We tracked down a few people from Rangitoto College and asked them to continue sharing their words of wisdom about books and life.

Who are you?

My name is Bill Yin. I am a Year 13 student at Rangitoto College. This year, amongst other activities, I was a Chinese emcee for Chinese Night 2022. I found an important part of my job was to balance the Chinese content alongside the English to ensure all of my audience had a great experience. As one of the representatives of the night, it was important for us to use English as a medium and keystone to promote Chinese culture inside Rangitoto College.

When you’re not reading, what do you love doing?

When I am not reading, I play some musical instruments and do some sports to improve in my other areas.

What do you love about our Library?  

The Rangitoto College Library offers some amazing books in a variety of languages and categories. I always find myself searching for something that is unexpected and brilliant.

Tell us a brilliant book memory.  

A few years ago I was reading a novel collection called The Volcano Hotel. It had a series of bizarre and uncommon settings, such as the story of a flight attendant who can foresee disasters, someone who lives in an entire city all by himself, etc. The author cleverly planted several subtle hints into each novel so that they are linked together. I, as the audience, am able to use my own imagination to figure out how the stories are linked together. Like a puzzle game created by the author where each piece of the puzzle is just unique and outstanding on its own.

You are bilingual, and speak and write both English and Mandarin Chinese fluently. Tell us about how that came to pass.

Being a bilingual person can be challenging when you are trying to overcome the language barrier while still maintaining your mother tongue. There is an element of clash here as the grammar of Chinese and English are structured in opposing ways. In China, we have compulsory English courses starting from primary school, so I did have some basics about English before I came to New Zealand, however for me to communicate here, I often find myself having to work on spoken language, and grammar. My parents provided lots of books in both languages for me and are my role models when it comes to improving myself. For people who are going through a language barrier, my advice is to read lots of English books, out loud preferably, and force yourself into a pure English environment.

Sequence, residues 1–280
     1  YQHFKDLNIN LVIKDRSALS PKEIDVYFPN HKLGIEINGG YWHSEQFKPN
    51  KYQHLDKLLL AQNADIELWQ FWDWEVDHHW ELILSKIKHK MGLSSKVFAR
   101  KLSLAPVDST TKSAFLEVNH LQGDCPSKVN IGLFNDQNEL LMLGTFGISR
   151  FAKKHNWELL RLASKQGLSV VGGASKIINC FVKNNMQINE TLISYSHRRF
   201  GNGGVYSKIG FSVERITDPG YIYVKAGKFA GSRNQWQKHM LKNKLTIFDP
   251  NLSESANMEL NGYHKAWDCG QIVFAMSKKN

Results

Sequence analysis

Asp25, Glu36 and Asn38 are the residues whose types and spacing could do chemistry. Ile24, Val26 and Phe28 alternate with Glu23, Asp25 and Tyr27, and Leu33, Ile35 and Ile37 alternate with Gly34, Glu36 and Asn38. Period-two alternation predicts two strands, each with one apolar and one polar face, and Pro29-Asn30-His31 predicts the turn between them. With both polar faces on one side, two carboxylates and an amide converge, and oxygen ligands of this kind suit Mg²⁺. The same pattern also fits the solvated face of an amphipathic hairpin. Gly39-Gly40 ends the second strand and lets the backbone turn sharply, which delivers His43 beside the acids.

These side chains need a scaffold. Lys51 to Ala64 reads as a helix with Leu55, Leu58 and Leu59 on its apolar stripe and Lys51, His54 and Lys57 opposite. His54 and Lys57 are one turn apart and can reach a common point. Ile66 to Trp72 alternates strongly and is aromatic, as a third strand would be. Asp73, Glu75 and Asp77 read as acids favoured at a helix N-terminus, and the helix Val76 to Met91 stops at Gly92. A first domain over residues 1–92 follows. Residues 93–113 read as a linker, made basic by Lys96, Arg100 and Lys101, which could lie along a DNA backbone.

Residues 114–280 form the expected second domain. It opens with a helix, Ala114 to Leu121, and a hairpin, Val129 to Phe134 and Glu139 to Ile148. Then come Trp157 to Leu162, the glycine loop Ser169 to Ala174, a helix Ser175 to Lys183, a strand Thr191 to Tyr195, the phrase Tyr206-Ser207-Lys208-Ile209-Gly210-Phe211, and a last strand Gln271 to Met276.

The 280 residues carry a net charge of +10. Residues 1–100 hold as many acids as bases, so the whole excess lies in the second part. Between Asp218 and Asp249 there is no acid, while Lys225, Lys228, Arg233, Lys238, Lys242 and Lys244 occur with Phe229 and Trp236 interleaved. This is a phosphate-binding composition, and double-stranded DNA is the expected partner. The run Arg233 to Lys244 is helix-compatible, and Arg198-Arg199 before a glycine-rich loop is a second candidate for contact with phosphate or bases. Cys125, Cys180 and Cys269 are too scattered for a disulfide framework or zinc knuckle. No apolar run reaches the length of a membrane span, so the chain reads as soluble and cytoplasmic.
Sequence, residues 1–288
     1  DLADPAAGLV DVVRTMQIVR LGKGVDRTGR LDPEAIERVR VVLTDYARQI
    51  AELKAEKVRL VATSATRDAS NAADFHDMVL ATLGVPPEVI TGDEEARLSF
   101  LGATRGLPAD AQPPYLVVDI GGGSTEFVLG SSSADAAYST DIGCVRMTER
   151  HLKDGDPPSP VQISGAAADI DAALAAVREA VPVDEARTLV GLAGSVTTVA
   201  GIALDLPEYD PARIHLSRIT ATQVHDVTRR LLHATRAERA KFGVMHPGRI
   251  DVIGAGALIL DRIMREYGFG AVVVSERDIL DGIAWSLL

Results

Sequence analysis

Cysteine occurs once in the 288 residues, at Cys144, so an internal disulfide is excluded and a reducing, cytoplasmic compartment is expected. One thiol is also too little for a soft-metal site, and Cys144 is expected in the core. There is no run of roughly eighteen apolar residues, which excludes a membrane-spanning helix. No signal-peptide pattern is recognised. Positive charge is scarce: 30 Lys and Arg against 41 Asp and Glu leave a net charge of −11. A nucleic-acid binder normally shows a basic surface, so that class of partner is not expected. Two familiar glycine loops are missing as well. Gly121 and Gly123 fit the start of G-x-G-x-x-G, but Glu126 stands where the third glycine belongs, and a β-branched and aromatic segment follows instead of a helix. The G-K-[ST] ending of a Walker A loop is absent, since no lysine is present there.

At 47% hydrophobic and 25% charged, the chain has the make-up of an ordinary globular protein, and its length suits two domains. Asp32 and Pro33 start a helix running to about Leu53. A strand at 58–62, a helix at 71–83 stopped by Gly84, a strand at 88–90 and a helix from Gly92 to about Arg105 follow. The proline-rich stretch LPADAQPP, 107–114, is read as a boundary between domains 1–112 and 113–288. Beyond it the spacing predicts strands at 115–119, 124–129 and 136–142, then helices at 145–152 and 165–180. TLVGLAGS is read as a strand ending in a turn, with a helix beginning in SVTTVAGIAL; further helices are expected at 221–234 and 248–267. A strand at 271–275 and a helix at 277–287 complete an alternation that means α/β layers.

Where do you seek inspiration?  

I seek inspiration from people who are better and more successful than me. I use them as a mirror to reflect on myself and what to improve on. I often find new objectives to learn and weaknesses to strengthen.

Why do you think people should read?

I prefer books that offer a brand-new perspective and experience. I think these books often offer the most and are the easiest to start reading. For instance, right now I am reading wealth and investing guru Warren Buffet’s Lifelong Advice.

What are some mottos you live by?  

Always keep a heart of discovery.

Who are you?

I’m Michael Randal, an Assistant Principal and English teacher. I’m also a dad who has very witty jokes and who isn’t at all embarrassing to his children.

What do you love about working at Rangitoto College?

One thing that I love about working at Rangitoto College is that I spend my days with a whole bunch of colleagues who love what they do and who are genuinely passionate and driven to improve themselves. Having worked in a few different jobs and sectors before I became a teacher, I know that it’s quite rare and is a real privilege to work with other people who love what they do and who are also determined over time to get better at it in big and small ways. I like how enthusiastic so many of the teachers at Rangitoto College are about getting better at teaching, and it plays a part in challenging me to continue to try to lift my own game. 

What’s a book that’s changed your life/mind?

Looking back, there’s one book that probably really influenced the direction of my life: 1984 by George Orwell. I first read it when I was about 14 or 15 and it totally changed my perception of what novels could be like, of what books can be, of what storytelling is. It’s such a grim story and the first time I read it I kind of hated it. But, as the years went by, I kept thinking back to it, and when I finally read it again, I was able to appreciate how masterful Orwell’s storytelling is, and how creatively and subtly he uses language to tell the story. 1984 really opened my eyes to the beauty and power of storytelling and language and played a big part in setting me on the path to (eventually) becoming an English teacher.

What are you currently reading?